Please attend the Bioneers conference events at Knox this weekend.
In fall 2008, I traveled with around 70 other Knox students to attend the satellite conference, which was at the time five hours away at SIU-Carbondale. We wondered … “What if this could come to Knox?” That dream has now come true.
Our trip was a peak experience in my time at Knox. If you pay attention to the speakers, and the conversations they will provoke, it will serve you in the future.
Since graduating, I’m back home in Washington, D.C. On Sunday, I will join thousands of people encircling the White House to tell our President to say no to the Keystone XL tar sands pipeline (see www.tarsandsaction.org).
Taking gentle steps towards supporting the voice of the people, I hold on to one quote from Naomi Klein’s Bioneers 2008 lecture: “Obama has always been a centrist. So what do we do? Move the center.” She was speaking broadly then, but she was arrested with 1,252 others, including myself, in civil disobedience in front of the White House in August as part of the grassroots effort to stop this pipeline.
That work is moving our country in the right direction: towards a future where we make rational choices based on our support for the conditions of life on this planet, instead of denying warning signs and clinging to our addiction to oil. The center begins to shift.
A few people on that trip became my closest friends at Knox.
More than putting inspiring ideas into our heads, Bioneers 2008 created a space in which to build a community and to contemplate our place on this planet, in the face of both threats to existence and precious opportunities for positive change.
Bringing the event to Knox removes the pilgrimage, but adds convenience and inclusiveness. Take advantage of this. Don’t be afraid to dedicate a whole day or two, or to attend the events with friends and fellow (Greek) organization members, and discuss later.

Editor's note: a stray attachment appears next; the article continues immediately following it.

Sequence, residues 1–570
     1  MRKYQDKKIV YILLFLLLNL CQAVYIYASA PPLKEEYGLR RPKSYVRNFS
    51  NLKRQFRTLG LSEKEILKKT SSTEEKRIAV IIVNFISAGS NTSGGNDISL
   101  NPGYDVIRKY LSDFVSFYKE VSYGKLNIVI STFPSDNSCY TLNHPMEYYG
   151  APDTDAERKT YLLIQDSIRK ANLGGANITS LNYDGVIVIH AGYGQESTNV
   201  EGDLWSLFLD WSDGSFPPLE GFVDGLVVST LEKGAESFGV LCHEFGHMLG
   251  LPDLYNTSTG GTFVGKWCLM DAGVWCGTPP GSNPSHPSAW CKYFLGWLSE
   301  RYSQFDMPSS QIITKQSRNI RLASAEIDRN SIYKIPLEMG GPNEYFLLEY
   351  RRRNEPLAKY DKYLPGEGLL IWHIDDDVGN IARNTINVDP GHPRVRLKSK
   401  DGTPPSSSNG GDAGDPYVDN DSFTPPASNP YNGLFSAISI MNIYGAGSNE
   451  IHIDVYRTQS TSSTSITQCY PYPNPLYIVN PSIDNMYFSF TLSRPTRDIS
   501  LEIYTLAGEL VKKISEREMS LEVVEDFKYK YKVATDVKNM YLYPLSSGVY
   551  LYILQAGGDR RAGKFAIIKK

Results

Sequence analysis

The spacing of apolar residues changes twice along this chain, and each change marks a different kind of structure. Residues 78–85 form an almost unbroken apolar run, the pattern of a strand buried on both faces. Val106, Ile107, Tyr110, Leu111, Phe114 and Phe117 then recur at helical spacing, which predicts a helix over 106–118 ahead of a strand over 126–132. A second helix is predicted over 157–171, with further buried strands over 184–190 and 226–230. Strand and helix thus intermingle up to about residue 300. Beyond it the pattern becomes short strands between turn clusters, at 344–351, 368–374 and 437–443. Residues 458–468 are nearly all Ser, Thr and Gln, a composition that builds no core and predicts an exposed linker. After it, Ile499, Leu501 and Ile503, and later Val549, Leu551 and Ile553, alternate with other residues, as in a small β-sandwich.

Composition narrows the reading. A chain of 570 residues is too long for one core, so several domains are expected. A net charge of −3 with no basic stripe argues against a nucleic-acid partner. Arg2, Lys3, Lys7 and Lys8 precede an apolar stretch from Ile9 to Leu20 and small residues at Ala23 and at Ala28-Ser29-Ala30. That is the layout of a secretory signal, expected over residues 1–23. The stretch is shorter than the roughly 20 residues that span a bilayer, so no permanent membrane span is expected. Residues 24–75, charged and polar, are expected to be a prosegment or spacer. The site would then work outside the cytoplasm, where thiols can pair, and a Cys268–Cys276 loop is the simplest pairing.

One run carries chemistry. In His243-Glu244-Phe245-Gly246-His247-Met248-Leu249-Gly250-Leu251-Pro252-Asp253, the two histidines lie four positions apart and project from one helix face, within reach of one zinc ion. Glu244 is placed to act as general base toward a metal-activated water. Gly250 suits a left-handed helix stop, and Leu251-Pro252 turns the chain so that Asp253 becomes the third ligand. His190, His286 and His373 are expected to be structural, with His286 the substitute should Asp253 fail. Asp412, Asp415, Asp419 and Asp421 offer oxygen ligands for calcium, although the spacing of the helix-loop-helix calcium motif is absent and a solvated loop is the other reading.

Maybe even camp at Green Oaks, and hear what the trees have to say about what you hear during the day. I haven’t been to #occupygalesburg, but I spent a few days and nights at #occupywallstreet while passing through New York City this month.
I wasn’t “angry,” but curious about what the hell is going on. The protest’s home in Zuccotti Park was a wall of sign-bearers surrounding a bustling camp of music, cooking and constant conversation. I approached slowly. The first person I spoke to was a young woman named Hope, whose sign read: “ASK YOURSELF HARD QUESTIONS.”
Planning to visit only a few hours, I stayed for three nights doing just that. At the Manhattan protest, I had hours and hours of the most honest, civil and challenging conversations about the pressing issues of our time (the economy, the environment, the meaning of life) with people of all walks of life, not just those who can (barely!) afford college.
Looking to fulfill your experiential learning requirement? The #occupation of your choice awaits. Commence! Whatever your views, see the organism for yourself. There are immense inner and outer challenges before this movement (not to mention this country), but in my short time in that NYC park I got a much denser education than any week at Knox, and for free. Pete Seeger included!
Bioneers in Fall 2008 came close, though. Go this weekend! Let me know how it is. Please develop your capacity to look deeply, and to contribute, at a time when the world has many burning questions and far too many people shielding their eyes from the light.
Knox offers resources for this and presents obstacles too. It is an ongoing project to make “The Knox Community” more than a polite expression at official events.
Please use the occasion of Bioneers to put “community” into practice. Spend the critical time with your heart and mind, and please listen to each other. A voice truly heard is a thread in togetherness. We cannot get through this century alone; we’ve got a lot of weaving to do. Cultivating true love,
Joey Firman ’11
P.S. Love yourself. Take “time off” to do what you need to do, go where you need to go, be who you need to be.